Minority Grants — Places to Find Money for School

It used to be that you could get a good job with just a high school diploma and then work your way up the corporate ladder. Today, however, you have to have a college degree before employers will even look at your resume. If you are a part of a minority group and you are looking to get a college degree, there are a number of minority grants that will help you pay for school. Before you apply for these minority grants, however, you must submit the FAFSA form. Many of the minority grants are need based and you will have to demonstrate on the FAFSA that you qualify under those terms.

The first place to look for minority grants is the government. While the government doesn't have minority grants per se, the grant programs they do have tend to award the bulk of their money to minority groups due to socioeconomic factors. Students should look into the Pell Grant, the Federal Supplemental Educational Opportunity Grant, the Academic Competitiveness Grant and the National SMART Grant. All of these grants are need based programs with the Pell Grant being the most important of the bunch. Some of the other grant programs require that the student be a Pell Grant recipient.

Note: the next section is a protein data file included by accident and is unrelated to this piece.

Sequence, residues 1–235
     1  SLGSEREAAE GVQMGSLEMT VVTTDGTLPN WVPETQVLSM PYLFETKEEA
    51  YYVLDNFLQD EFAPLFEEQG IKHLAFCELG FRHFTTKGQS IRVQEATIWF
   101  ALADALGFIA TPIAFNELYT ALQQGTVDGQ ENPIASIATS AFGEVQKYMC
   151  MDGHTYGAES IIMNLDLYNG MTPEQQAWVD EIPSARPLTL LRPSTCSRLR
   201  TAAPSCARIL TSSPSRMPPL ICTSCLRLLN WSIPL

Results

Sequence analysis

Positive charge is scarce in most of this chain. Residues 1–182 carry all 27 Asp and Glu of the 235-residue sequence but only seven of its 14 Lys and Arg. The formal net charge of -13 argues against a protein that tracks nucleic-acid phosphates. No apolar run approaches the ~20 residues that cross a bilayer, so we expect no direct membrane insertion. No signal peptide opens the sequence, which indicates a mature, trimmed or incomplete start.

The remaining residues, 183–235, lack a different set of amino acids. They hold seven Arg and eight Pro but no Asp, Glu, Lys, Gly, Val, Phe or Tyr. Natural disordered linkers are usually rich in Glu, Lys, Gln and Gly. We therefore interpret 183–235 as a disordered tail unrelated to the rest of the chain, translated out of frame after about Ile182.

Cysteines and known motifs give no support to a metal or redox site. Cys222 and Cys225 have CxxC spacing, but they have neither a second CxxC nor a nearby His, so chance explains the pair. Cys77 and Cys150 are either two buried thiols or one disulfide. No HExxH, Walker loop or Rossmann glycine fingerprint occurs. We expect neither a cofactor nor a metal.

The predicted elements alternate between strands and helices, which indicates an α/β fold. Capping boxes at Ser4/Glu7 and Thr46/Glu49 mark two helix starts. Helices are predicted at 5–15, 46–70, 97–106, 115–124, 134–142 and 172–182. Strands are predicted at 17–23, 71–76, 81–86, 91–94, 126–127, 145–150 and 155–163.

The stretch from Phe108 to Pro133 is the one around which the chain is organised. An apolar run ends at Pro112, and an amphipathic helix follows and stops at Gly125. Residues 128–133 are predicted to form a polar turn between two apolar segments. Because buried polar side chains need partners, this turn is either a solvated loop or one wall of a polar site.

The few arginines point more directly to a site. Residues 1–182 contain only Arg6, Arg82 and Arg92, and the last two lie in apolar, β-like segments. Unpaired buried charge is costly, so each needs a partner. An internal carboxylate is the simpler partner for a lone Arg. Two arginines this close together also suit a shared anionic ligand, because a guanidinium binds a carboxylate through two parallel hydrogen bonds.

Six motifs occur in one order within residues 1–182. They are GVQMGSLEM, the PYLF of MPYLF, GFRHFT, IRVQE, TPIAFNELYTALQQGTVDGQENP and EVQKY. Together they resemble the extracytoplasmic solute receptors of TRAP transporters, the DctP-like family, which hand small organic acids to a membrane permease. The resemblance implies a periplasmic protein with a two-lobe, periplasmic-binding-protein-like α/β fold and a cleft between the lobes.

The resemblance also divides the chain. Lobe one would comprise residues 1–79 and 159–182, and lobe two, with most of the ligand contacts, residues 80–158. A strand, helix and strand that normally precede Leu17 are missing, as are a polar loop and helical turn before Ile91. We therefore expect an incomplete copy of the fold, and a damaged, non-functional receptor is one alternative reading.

Another great place to look for minority grants is associations and foundations that were developed specifically to help minority communities. African-Americans should contact United Negro College Fund, the Frederick Douglas Scholars Program, or the National Black Nurses Association about minority grants they have available. Hispanic-Americans should look into the Hispanic Scholarship Fund Institute or the Hispanic Nurses Association Grants and Scholarships. Native Americans can apply for the Tribal Colleges Education Equity Grants or the Indian Adult Education program. Students with mental or physical disabilities are eligible for the Harry Truman Scholarship Program and the Tech-Prep Education program.

Lastly, a number of corporations support education and provide grants for top performing students. While not all of them offer minority grants for specific groups, it is worth the effort it takes to contact Fortune 500 companies to see what programs they offer. Wal-Mart, ExxonMobil, AT&T, and Coca-Cola are all examples of companies who invest in education by offering scholarships and grants. Be careful though. Some companies may require you to work for them for a few years after you graduate, so always read the fine print. When it comes to paying for your education, use all of the resources at your disposal to find minority grants that will help you pay for your degree.

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